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Satyabrata Pal

By Arun Kundnani
Foundation Books, Delhi, 2014, pp. 256, Rs. 1339.00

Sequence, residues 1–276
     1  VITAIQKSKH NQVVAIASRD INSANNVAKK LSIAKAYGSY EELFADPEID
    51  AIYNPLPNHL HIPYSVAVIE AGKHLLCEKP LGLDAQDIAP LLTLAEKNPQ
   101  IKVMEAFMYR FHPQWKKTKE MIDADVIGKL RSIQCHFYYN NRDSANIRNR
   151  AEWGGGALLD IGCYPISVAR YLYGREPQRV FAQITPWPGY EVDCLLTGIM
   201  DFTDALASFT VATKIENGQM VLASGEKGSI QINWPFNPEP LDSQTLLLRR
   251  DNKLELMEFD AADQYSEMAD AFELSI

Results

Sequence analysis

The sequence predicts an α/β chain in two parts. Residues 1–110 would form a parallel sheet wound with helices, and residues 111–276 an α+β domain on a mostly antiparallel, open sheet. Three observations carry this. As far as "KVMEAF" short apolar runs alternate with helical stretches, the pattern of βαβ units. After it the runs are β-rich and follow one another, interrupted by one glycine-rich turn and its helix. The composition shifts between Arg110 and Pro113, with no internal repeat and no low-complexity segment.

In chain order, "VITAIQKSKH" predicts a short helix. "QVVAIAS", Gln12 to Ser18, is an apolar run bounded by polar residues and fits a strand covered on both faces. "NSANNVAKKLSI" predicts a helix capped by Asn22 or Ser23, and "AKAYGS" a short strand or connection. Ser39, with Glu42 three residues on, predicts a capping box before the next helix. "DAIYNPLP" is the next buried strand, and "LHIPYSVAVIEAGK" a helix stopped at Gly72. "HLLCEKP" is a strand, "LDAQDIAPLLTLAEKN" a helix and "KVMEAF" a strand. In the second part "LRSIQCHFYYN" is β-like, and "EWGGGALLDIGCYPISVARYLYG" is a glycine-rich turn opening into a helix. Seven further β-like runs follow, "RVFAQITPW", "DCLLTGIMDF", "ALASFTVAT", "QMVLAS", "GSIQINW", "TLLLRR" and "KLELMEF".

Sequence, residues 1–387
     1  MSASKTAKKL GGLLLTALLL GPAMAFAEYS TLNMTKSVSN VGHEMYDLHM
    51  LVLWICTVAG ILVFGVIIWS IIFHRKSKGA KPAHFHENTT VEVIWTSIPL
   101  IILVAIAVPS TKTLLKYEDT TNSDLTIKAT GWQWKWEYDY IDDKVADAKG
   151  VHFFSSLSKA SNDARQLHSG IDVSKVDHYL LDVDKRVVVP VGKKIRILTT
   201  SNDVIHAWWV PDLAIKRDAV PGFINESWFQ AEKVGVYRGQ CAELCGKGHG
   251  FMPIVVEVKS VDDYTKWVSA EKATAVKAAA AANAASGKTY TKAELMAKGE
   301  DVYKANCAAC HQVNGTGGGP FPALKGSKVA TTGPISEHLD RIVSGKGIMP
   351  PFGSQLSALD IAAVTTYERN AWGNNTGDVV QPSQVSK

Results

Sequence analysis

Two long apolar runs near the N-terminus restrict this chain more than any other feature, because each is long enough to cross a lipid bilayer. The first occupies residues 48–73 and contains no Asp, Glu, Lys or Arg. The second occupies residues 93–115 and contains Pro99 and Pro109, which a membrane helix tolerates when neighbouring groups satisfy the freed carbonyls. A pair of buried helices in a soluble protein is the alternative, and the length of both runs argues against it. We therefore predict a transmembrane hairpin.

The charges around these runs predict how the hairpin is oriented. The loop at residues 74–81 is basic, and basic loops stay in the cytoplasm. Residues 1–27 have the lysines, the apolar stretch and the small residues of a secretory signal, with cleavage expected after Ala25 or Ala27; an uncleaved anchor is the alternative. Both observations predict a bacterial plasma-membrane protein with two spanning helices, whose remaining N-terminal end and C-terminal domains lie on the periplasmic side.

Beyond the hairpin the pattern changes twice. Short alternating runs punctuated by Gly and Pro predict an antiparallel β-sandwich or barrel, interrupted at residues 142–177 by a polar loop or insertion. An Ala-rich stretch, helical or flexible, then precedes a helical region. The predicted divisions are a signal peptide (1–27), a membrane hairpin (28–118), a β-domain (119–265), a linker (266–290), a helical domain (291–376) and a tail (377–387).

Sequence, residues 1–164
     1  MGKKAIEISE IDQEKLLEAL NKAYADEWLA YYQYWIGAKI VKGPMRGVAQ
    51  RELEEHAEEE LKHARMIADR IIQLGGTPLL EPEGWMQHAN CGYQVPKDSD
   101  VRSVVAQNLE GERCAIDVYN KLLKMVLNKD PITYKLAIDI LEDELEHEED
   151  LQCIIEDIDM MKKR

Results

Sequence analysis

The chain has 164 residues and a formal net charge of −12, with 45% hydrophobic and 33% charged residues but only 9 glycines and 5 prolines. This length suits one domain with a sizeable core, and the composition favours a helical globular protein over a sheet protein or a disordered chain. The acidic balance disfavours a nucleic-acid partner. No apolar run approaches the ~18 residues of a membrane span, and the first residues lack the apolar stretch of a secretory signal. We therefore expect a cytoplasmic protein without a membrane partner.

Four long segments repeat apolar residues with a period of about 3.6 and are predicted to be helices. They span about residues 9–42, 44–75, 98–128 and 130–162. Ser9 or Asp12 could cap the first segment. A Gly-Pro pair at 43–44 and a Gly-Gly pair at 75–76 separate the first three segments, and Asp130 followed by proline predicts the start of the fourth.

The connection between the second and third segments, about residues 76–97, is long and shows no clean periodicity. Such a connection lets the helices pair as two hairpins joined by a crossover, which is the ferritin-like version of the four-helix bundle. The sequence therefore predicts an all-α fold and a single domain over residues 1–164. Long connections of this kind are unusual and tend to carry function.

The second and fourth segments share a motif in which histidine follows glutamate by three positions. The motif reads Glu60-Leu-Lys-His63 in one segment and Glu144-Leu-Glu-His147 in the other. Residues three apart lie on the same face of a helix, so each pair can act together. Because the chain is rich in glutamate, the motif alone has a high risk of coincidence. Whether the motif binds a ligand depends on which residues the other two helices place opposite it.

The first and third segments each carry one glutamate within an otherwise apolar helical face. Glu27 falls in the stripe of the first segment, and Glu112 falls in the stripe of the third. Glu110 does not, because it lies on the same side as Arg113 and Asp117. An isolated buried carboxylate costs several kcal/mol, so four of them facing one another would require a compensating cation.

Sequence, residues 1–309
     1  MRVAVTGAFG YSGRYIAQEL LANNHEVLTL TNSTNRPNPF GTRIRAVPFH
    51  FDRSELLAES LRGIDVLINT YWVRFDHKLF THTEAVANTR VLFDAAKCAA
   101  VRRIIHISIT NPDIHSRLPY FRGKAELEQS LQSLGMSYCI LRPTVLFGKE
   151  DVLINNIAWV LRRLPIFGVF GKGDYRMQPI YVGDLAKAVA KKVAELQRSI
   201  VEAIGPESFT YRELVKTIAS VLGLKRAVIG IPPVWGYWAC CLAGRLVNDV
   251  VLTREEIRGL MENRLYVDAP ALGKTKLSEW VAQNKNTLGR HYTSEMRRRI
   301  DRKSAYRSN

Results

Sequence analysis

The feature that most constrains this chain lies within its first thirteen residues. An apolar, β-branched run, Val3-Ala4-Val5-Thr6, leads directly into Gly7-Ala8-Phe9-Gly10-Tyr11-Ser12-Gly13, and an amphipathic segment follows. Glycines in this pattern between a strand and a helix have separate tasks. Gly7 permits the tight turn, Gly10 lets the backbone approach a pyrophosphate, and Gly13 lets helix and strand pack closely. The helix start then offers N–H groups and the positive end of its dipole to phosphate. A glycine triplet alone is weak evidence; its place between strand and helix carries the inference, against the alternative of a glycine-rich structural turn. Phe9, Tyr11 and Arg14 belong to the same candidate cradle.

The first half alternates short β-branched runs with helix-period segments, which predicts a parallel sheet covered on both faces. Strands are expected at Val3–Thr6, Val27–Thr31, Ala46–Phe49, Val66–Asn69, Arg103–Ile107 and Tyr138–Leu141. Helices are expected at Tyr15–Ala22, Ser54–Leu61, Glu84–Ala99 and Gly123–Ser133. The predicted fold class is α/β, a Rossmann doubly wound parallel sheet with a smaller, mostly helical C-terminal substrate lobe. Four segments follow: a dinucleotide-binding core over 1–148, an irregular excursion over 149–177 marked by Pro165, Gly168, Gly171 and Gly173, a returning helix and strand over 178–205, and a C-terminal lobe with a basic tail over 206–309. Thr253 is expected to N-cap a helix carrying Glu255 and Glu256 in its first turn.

Like its subject, this is a book that will stir strong feelings. It is not a dry, objective examination of its subject. It is a polemic, deeply felt and passionately argued, a diatribe against the assumptions which underpinned the war on terror in the UK and US and a denunciation of the tactics with which it was fought. In India, with our own experience and fears of ‘cross-border terrorism’, we sympathize with the West, though we also mount the moral high ground, from which we bend down to gently rub its nose in the debris of 9/11, piously contrasting our solidarity with its earlier indifference or hostility to our travails. But mostly we envy the seeming efficiency with which the West has fought its war, thwarting all attempts to replicate the large attacks in the US and West Europe of the early 2000s. We contrast this with what we take to be our own softness and ineptitude, which have left us exposed to repeated attacks. This book should therefore be required reading for any Indian who either hankers for the transplantation of the West’s methods here or has a role to play in deciding if they should. It sets out the enormous cost in human suffering that the war on terror imposed on Muslims in these countries. In India it would mean traumatizing 14% of our population. In a lecture of sustained irony delivered in 2008, which he called ‘Inventing the Enemy’, Umberto Eco explained that the godfather of his theme was a Pakistani cabbie in New York, who had asked him who Italy’s enemies were, and had refused to accept his response that it had none. Thinking it over later, Eco said in his lecture, he realized that, having ‘an enemy is important not only to define our identity but also to provide us with an obstacle against which to measure our system of values and, in seeking to overcome it, to demonstrate our own worth’. To illustrate this point, he asked his audience to see ‘what happened to the United States when the Evil Empire vanished and the great Soviet enemy faded away. The United States was in danger of losing its identity until bin Laden, in gratitude for the benefits received when he was fighting against the Soviet Union, proffered his merciful hand and gave Bush the opportunity to create new enemies, strengthening feelings of national identity as ...

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